The Best Restaurants In Santa Monica27 restaurants that are worth braving the tourists.
Two types of people live in LA: Westsiders and everyone else. The unofficial capital of the Westside is Santa Monica, a part of town that’s happy to lean into every insult you can throw at it. Sure, there are tourists everywhere, and it’s populated almost entirely by people who have time to brunch on weekdays, but there’s no denying that it’s also home to some very good restaurants. Even in the shadows of The Third Street Promenade and The Pier, exciting and innovative spots continue to open and thrive. Here are the best of the best in LA’s city by the sea.
The name Le Great Outdoor sounds like an REI surplus store rather than a beautiful Santa Monica restaurant where you order your food at a grill in the Bergamot Station parking lot. But that’s exactly what’s happening here. All the meat, fish, and vegetables are cooked right next to you in the entirely outdoor kitchen. Everybody hangs out at picnic tables and drinks chilled wine while they pick at goat cheese-topped tartines and blistered lamb chops. It’s as if you stumbled onto a neighborhood block party—but with people who know what they’re doing at the grill.
There’s nothing that screams “I’m a young, fun, cosmopolitan person living in a major city” than tossing back oysters on the half shell on a Santa Monica patio. And the place to do it in West LA is Crudo e Nudo. The former pop-up has found a permanent home on Main St., where you’ll be treated to thoughtful wine selections and entirely sustainable seafood like daily crudos served with herbs and house-made sauces, a full raw bar, and tuna tartare paired with seeded loaves from Gjusta.
Melisse is a Santa Monica mainstay, a truly fancy restaurant that’s been around in some form or another for over 20 years. A meal here is spectacular, but let’s get one thing out of the way: dinner here will cost $800 for two people. Minimum. So, if you’re eating here, or planning to eat here, you’re probably operating under some very specific circumstances (engagement, lottery win, final day on the job with access to the company card). Melisse lives up to them all. Once you sit down in the intimate but not stuffy dining room, expect around ten courses (although many have multiple plates or bites involved), attentive servers who fully appreciate how special the night is, and, best of all, absolutely delicious food.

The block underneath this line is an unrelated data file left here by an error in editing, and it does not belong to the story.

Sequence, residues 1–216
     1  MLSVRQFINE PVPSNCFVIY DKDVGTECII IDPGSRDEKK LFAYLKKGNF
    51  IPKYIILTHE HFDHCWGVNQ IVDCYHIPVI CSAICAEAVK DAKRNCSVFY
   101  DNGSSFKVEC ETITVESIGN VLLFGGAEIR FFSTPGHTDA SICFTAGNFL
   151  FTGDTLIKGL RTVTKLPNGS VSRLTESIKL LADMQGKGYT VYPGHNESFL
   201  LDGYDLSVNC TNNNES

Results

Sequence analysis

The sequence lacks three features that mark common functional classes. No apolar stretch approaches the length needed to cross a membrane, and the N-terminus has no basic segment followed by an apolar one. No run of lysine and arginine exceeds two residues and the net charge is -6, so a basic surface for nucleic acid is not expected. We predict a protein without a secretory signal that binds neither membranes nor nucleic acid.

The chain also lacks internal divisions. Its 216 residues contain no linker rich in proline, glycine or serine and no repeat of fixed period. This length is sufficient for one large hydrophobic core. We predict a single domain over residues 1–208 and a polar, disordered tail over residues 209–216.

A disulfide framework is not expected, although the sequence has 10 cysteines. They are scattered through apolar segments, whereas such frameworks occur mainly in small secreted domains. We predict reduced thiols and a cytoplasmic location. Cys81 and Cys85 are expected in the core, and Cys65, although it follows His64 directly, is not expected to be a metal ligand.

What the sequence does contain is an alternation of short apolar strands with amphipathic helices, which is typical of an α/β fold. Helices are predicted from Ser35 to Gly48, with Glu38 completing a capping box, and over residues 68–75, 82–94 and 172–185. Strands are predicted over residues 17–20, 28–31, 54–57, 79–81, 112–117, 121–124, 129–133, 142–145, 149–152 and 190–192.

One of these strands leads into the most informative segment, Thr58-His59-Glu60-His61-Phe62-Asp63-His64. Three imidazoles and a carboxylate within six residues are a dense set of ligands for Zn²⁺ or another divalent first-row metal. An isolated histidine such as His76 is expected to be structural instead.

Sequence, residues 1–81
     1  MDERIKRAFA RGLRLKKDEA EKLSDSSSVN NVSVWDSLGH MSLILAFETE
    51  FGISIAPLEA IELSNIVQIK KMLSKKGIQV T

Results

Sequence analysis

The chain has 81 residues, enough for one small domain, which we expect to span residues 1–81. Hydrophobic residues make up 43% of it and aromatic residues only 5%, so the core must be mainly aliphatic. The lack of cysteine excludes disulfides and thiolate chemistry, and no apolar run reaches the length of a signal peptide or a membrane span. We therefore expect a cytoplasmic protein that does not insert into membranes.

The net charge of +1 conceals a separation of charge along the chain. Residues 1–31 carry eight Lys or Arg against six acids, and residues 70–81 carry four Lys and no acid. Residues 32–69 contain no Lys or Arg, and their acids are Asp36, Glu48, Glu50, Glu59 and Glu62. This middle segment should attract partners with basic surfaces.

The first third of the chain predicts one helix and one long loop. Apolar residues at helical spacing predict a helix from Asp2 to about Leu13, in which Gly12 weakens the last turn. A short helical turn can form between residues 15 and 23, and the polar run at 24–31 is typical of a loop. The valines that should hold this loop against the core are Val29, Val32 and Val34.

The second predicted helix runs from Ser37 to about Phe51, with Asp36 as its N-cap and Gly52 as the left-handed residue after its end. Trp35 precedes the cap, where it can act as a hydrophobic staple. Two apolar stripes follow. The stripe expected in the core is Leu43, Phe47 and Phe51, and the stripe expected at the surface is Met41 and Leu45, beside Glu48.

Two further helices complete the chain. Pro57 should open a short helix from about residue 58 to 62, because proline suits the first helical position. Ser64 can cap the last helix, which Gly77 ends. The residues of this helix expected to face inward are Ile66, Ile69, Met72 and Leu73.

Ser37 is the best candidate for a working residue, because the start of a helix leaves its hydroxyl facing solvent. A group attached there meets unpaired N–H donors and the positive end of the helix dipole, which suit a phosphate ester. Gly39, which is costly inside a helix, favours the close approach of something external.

Layla is a welcome addition to LA’s bagel boom (thanks for starting it, Gjusta and Courage). But this Ocean Park bagel shop isn’t just part of a trend, it’s a lovely little counter-service spot with great coffee and outrageously good bagels piled with the freshest produce available. And while you can absolutely order crusty-on-the-outside, cushiony-on-the-inside loosies, you’d be missing out if you didn’t try some of the open-face bagel offerings. Toppings range from classics (cream cheese, tomatoes, herbs, smoked salmon, pickled onions) to less typical stuff (lemon zest, chili flakes, PB&J, avocado, hummus). The bagel with seasonal fruit—we got mandarin wedges—plus cream cheese and honey gives us goosebumps just thinking about it.
You’ll find more Italian restaurants in Santa Monica than you will in some parts of Italy, so Cassia’s French-Southeast Asian food is a welcome change. It’s also fantastic and served in a huge space will make you feel like you’re on vacation. Come for an impromptu date—put your name down, and go next door to Esters for a couple of glasses of wine while you wait. Once you’ve got your spot on the patio, order the kaya toast at both ends of the meal.
Sleepy Santa Monica needed Cobi’s. The interior and patio are alive with floral everything, from lamps to dishware to sculptures. The speakers pump reggae and soul. Servers pour natural wine. And the kitchen cranks out curries, dumplings, noodles, and rice dishes, which are otherwise hard to find in this neighborhood. Make Cobi’s your go-to for date nights and fun group dinners.
The Brothers Sushi’s dining room looks ripped from a sci-fi movie set: perfectly symmetrical wooden panels, black ring lights, and oh, watch your step—there’s an antique knife collection beneath your feet, inlaid in the floor. It’s a more subdued (and smaller) operation than The Brothers’ flagship location in Woodland Hills, but the quality remains just as high. Order a la carte items like salmon caviar and Okinawan jellyfish or the omakase served solely at the bar. We prefer the premium chirashi loaded with 15 types of seafood, seasoned sushi rice, plus a side of miso soup.
Birdie G’s, an airy, industrial-looking restaurant in Bergamot Station, is what you might call a fancy person’s idea of a comfort food restaurant. The chef of Rustic Canyon is behind the menu, so you know there's a farmers market produce bent. But you can also expect a Midwestern, vaguely Eastern European feel to many dishes. We love the seasonal pickle plate with a dollop of onion dip in the center, and the “everything” marinated beets with smoked trout roe. They also do amazing steak frites for the crowd valeting their Teslas outside. Just don’t leave without a slice of the rose petal pie—a jiggly, strawberry Jell-O concoction that looks like a stained glass window in dessert form.